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Supreme Court Examines Gray Area In Judicial Campaigning

Thirty-nine states elect some or all of their judges, and 30 of them bar personal solicitations in order to preserve judicial impartiality.
Keith Srakocic
Thirty-nine states elect some or all of their judges, and 30 of them bar personal solicitations in order to preserve judicial impartiality.

The U.S. Supreme Court heard arguments Tuesday in a case that tests whether states may ban judicial candidates from personally soliciting campaign contributions.

For most of the last decade, the Supreme Court's conservative majority has systematically dismantled federal and state campaign finance laws enacted to limit corruption and the appearance of corruption in the legislative and executive branches of government. Tuesday's case is the first challenge targeted specifically at the judicial branch.

Thirty-nine states elect some or all of their judges, and 30 of them bar personal solicitations in order to preserve judicial impartiality. If the Supreme Court treats those bans the same way it has treated other funding regulations, the personal solicitation bans are doomed by a 5-to-4 vote.

In those earlier cases, Justice Anthony Kennedy led the charge to abolish fundraising limits for legislative and executive candidates. But Kennedy has long been a strong advocate of a judiciary free from outside influences. So, if Florida and the other states have any hope of prevailing in this case, they have to persuade Kennedy that judgeships are different from other elected positions.

Kennedy's questions on Tuesday gave mixed signals about his views.

The challenge to the Florida personal solicitation ban was brought by Lanell Williams-Yulee, who announced her candidacy for the trial bench by sending out a signed letter asking for campaign contributions and posting her appeal on her website. She was reprimanded and fined for this. Williams-Yulee contends that the personal solicitation ban violates her First Amendment right of free speech.

Her lawyer, Andrew Pincus, told the justices Tuesday that the Florida ban might be justified for one-on-one, in-person solicitations, but not for mass mailings.

Justice Kennedy noted that a ban on face-to-face solicitations has "all sorts of gradations."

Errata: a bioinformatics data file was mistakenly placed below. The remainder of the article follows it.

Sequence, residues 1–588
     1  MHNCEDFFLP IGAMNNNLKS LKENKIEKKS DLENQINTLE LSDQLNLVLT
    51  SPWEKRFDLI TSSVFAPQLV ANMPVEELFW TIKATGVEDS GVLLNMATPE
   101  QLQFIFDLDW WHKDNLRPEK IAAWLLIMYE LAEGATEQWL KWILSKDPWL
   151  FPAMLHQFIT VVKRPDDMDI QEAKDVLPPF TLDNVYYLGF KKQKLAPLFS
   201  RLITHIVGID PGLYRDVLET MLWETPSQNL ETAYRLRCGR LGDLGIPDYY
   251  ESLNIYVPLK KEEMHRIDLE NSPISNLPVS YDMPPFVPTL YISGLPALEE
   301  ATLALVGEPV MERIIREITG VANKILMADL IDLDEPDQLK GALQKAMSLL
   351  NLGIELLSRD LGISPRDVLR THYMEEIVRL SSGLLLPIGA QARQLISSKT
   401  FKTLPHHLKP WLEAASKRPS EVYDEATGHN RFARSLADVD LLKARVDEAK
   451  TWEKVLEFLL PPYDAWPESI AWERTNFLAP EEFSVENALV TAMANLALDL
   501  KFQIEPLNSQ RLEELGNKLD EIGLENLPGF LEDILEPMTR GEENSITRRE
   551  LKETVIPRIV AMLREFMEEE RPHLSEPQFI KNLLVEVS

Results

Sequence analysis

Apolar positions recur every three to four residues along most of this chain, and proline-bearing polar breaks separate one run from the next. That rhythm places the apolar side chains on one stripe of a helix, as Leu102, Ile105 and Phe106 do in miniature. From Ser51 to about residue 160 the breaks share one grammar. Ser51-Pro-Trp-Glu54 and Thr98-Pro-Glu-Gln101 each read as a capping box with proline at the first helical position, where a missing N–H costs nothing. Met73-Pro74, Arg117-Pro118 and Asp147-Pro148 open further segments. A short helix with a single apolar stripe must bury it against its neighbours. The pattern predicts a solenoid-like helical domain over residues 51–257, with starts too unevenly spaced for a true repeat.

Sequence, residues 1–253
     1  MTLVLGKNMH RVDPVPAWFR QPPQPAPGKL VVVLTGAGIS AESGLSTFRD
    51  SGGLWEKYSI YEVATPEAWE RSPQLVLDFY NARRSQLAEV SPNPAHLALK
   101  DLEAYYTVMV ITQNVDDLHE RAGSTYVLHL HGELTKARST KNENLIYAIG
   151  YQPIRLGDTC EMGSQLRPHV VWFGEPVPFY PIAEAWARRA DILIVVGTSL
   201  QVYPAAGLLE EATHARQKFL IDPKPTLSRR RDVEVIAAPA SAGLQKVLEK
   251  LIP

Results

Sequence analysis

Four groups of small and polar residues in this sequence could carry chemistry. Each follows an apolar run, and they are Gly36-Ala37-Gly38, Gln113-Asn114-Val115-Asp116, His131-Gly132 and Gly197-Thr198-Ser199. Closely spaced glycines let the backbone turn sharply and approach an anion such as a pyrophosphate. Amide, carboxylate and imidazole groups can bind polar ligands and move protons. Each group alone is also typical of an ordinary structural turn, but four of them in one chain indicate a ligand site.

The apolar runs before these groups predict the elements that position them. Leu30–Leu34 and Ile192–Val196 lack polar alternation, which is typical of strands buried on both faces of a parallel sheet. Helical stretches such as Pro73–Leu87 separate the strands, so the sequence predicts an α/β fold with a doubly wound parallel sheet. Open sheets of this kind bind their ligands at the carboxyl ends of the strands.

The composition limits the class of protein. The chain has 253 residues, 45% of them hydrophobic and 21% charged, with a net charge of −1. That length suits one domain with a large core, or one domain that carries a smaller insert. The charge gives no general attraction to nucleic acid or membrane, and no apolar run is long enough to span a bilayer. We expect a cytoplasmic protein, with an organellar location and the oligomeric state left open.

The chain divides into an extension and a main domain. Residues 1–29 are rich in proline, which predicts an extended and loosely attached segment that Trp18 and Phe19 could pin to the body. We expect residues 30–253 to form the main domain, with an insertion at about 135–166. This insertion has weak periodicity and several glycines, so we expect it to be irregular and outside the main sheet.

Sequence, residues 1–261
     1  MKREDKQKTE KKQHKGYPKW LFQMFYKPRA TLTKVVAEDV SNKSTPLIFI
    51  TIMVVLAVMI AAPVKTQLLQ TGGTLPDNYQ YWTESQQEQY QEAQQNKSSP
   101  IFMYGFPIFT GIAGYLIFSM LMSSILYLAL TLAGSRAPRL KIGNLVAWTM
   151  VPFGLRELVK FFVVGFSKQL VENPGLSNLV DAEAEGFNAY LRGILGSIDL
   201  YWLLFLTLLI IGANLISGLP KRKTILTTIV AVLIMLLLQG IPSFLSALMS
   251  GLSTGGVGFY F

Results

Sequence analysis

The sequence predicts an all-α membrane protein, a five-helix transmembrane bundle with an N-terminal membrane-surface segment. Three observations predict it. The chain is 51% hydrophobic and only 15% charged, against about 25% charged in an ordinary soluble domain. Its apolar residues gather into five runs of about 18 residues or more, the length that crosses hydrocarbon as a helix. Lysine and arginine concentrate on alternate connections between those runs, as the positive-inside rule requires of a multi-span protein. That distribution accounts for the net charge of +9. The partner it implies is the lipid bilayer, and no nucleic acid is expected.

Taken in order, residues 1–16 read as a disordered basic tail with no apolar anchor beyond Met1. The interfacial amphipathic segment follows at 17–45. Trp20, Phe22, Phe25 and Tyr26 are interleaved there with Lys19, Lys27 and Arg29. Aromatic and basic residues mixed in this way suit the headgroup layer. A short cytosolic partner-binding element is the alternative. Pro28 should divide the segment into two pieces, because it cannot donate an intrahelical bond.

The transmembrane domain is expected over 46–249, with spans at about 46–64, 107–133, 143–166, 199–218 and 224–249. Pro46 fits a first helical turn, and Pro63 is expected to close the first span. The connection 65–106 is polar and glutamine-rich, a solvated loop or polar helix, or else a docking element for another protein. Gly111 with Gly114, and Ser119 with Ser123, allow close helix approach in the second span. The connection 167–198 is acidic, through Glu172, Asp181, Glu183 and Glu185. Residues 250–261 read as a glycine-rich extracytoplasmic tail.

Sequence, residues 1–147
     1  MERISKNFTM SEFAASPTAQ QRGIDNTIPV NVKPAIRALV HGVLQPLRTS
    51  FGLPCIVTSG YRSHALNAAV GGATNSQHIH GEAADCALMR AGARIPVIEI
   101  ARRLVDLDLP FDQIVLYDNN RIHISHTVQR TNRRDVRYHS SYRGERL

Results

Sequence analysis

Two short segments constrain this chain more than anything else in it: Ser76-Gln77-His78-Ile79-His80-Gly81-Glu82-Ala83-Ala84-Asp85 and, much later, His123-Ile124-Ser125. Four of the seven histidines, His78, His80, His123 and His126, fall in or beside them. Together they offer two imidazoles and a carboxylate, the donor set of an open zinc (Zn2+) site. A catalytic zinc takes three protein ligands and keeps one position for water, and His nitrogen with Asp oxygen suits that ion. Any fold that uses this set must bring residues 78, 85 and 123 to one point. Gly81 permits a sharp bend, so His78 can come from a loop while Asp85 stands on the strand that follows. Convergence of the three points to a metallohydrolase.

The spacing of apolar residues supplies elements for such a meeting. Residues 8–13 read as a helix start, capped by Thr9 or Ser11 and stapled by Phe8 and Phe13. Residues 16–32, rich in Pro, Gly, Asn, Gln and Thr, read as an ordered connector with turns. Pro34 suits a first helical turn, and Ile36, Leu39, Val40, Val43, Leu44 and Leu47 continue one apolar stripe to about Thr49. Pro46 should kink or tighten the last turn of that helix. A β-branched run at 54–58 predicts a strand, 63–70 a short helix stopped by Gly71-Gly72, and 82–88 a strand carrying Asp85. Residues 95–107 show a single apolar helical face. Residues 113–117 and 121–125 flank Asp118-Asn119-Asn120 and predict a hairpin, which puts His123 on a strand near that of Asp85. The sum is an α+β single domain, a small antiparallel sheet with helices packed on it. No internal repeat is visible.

"What about a personal, one-on-one letter? How is that different?" he asked. "And then what about a letter to five people?"

Laywer Pincus replied that the Court has, in other contexts, drawn a line between written and oral communications.

"If we meet somewhere, and I take out a tablet and write something down and hand it to you," Chief Justice John Roberts probed, "is that written or oral?"

Suppose the state's view is that we want our judiciary "to be above the political fray?" Justice Ruth Bader Ginsburg asked.

Pincus replied that when a state chooses to elect judges, instead of using some appointment mechanism, the same rules apply to judicial elections as all other elections. A second problem with the Florida law, argued Pincus, is that it allows judges to know who gave contributions to their election committees.

Well, "how can the judge not know," especially in states with public disclosure, Kennedy asked. It seems "unworkable" that everybody else reads the list, but the judge does not, he added.

Kennedy's questions suggested he believes it's very difficult to draw a limited line, more limited than the one drawn by Florida. But it remained unclear whether he thinks anyline is permissible.

When lawyer Pincus tried to bolster his challenge by noting that Florida's judicial candidates are permitted to send thank-you notes to contributors, Justices Sonia Sotomayor and Stephen Breyer scoffed. A thank-you note "is a form of politeness" that doesn't put the same pressure on a lawyer to give, said Breyer. When a judge asks a lawyer to do something, the answer is almost invariably "yes," he observed, But a lawyer feels much more free to say "no" to a campaign manager.

"The proof is in the pudding," Justice Sotomayor said. She cited statistics that show judicial candidates in states where candidates can fundraise personally raise "appreciably" more money than judicial candidates in states that require candidates to fundraise through a committee.

Kennedy was silent for the second half of the argument when the Florida Bar's Barry Richard defended the personal solicitation ban. The other conservatives, with the exception of the always-silent Justice Clarence Thomas, took turns taking whacks at Richard.

Chief Justice Roberts pressed him repeatedly, asking what interest the solicitation ban serves. Richard replied that the state's interest is in protecting the impartiality of the courts and preventing quid pro quo corruption.

Justice Breyer chimed in with a famous quote, invoking the Magna Carta: "Justice shall not be sold, nor shall it be denied."

"That's at least 800 years old," he observed.

Chief Justice Roberts shot back: "800 years ago, judges were not elected."

Copyright 2020 NPR. To see more, visit https://www.npr.org.

Nina Totenberg
Nina Totenberg is NPR's award-winning legal affairs correspondent. Her reports air regularly on NPR's critically acclaimed newsmagazines All Things Considered, Morning Edition, and Weekend Edition.